On January 12, 2018, the Maryland General Assembly enacted the Maryland Healthy Working Families Act (by overriding the Governor's veto). The law adds mandatory sick leave requirements for Maryland Employers. The law is the first of its kind in the State. Below are seven (7) things you must know about the law:
1. When does the law take effect? The new sick leave law is scheduled to take effect February 11, 2018.
2. What employers are covered? Maryland employers with fewer than 15 employees must provide unpaid sick leave to their employees. Employers with 15 or more employees must provide paid sick leave.
3. What employees are not covered? The following employees are not entitled to leave:
- Work fewer than 12 hours a week;
- Under the age of 18;
- Certain agricultural workers;
- Certain real estate brokers and salespersons;
- As-needed basis workers in the health or human services industry;
- Construction workers covered by CBA;
- Certain temp agency employees.
4. What about contractors? Independent contractors are not covered.
5. How much leave do employees get? Employees must earn one (1) hour of sick leave for every thirty (30) hours worked. Employees can accrue up to forty (40) hours of paid leave a year. Employees can carry over up to 40 hours of paid leave a year. However, employers can cap the amount of paid leave actually used by an employee at 64 hours per year.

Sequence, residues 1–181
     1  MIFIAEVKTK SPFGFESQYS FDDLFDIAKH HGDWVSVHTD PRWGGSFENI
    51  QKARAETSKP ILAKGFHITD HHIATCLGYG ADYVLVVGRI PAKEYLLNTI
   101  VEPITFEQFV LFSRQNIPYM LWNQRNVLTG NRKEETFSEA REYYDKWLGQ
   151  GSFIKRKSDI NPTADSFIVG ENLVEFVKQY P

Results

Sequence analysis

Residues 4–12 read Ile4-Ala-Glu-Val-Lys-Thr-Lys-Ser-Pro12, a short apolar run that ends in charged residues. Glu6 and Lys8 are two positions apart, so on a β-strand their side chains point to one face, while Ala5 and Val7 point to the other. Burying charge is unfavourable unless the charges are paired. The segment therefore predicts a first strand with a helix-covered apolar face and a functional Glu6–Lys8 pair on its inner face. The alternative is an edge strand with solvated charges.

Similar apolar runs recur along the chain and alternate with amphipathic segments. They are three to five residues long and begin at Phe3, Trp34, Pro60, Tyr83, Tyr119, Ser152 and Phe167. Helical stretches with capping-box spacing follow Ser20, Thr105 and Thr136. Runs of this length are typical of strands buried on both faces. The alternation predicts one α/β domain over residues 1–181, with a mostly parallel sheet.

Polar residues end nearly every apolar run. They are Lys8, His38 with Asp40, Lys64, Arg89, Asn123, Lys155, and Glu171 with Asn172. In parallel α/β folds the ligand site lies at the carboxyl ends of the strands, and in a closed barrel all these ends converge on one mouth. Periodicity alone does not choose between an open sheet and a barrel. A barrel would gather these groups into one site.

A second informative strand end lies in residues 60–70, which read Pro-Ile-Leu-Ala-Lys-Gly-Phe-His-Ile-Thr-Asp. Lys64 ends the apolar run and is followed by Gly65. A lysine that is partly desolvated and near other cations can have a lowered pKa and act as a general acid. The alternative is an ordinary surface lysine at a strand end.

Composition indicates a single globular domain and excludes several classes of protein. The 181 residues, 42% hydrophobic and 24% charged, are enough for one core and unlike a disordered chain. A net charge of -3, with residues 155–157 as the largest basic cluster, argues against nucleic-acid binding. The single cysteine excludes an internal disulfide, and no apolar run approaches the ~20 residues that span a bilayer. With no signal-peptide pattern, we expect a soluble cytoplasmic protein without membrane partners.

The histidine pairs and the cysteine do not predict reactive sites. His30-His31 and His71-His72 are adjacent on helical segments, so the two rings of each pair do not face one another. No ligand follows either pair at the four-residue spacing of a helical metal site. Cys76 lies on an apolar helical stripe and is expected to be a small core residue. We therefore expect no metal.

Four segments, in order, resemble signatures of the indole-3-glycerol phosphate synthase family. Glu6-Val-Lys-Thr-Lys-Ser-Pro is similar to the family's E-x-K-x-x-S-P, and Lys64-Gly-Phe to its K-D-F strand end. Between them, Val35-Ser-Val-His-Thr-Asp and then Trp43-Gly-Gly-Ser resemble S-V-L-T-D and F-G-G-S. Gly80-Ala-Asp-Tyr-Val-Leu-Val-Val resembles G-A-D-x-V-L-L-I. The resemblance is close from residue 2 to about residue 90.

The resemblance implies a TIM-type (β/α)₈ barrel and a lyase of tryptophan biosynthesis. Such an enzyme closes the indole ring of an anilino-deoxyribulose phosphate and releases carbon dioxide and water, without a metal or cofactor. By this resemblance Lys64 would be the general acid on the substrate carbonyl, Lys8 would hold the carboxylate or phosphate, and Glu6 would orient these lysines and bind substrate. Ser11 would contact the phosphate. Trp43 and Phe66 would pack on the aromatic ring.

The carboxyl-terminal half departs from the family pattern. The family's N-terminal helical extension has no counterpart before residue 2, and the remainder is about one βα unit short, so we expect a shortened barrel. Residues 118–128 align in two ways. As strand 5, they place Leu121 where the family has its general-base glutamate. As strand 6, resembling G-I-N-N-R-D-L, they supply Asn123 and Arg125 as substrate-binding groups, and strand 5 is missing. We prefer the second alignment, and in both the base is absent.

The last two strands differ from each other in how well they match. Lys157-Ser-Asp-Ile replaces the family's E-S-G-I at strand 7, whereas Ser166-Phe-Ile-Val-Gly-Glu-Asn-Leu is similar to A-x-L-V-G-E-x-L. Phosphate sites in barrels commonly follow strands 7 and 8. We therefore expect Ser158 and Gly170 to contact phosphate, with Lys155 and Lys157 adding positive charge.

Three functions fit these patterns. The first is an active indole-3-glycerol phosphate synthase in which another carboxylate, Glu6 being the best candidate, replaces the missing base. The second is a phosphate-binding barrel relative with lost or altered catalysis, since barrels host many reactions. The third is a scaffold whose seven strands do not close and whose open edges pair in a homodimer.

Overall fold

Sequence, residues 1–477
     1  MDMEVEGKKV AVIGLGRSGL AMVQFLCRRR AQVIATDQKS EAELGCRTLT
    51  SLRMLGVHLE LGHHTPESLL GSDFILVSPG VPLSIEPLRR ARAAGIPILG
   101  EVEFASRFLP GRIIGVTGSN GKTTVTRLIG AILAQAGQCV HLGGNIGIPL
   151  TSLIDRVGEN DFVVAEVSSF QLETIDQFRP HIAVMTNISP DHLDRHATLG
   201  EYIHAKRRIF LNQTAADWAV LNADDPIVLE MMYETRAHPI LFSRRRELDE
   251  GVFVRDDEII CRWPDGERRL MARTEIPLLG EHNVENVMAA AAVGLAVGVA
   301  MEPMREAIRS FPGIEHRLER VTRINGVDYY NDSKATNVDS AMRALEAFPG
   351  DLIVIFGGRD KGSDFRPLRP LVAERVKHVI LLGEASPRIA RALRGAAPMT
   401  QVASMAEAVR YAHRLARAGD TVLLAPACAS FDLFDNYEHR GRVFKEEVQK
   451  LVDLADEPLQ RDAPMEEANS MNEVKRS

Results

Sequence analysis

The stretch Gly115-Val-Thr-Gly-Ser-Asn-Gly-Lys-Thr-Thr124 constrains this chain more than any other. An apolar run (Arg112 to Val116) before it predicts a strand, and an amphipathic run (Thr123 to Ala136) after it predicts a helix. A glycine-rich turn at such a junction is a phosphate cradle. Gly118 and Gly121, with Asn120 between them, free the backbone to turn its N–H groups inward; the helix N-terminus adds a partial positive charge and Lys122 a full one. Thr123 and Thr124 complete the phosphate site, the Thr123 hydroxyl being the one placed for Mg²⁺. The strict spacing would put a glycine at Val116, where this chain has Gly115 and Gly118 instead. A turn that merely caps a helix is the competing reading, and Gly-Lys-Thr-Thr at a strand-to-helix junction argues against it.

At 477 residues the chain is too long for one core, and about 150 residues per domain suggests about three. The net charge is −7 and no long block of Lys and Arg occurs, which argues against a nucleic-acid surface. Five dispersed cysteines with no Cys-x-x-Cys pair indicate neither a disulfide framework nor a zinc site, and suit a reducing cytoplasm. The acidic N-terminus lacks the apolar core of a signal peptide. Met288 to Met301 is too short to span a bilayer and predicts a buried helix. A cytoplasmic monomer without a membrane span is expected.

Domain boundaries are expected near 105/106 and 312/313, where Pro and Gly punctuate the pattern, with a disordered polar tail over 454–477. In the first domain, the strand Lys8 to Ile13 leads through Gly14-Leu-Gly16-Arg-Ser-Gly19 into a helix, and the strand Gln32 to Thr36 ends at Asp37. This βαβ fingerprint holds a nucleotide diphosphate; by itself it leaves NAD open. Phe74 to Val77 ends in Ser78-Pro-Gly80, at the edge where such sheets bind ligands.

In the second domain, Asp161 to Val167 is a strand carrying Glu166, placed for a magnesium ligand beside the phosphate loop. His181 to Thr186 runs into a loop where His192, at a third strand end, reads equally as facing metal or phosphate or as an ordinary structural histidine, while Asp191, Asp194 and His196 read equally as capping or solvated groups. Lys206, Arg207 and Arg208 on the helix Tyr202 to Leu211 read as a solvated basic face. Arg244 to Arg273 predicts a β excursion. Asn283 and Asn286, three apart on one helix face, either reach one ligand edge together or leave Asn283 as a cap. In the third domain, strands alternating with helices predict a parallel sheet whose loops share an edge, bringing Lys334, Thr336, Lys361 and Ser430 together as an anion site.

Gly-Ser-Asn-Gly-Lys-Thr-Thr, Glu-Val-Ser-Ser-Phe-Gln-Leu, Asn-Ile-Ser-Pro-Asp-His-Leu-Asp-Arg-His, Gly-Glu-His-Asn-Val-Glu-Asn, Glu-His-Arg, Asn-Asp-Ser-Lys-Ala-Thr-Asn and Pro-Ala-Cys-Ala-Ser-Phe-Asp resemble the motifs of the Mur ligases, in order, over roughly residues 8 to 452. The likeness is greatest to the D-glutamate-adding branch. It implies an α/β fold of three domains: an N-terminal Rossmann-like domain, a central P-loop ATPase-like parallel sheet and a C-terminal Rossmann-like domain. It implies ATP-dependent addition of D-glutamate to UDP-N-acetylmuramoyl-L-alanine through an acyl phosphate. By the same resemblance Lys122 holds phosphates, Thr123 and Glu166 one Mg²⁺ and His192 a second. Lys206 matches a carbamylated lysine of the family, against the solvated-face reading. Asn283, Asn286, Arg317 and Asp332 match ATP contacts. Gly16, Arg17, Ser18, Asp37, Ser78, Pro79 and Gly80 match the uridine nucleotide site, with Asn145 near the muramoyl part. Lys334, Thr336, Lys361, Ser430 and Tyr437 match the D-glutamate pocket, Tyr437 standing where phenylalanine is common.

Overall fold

6. When can employees use leave? An eligible employee must be allowed to use leave in the following circumstances:
- Care for the physical or mental health of the employee or a family member;
- Maternity or paternity leave; or
- To obtain relief in response to domestic or sexual assault of the employee or a family member.
7. Does an employee have to give notice? An employer can require up to seven (7) days' notice for the use of foreseeable leave. An employer may implement policies to ensure leave is taken properly.
Thatcher Law Firm regularly advises businesses and employees on their rights to leave in DC, Maryland, and Virginia. Businesses must be aware that local jurisdictions may enact its own leave laws that require different policies. For example, Montgomery County has its own leave law (Montgomery County Leave Law). Please contact us if you have any questions regarding leave policies.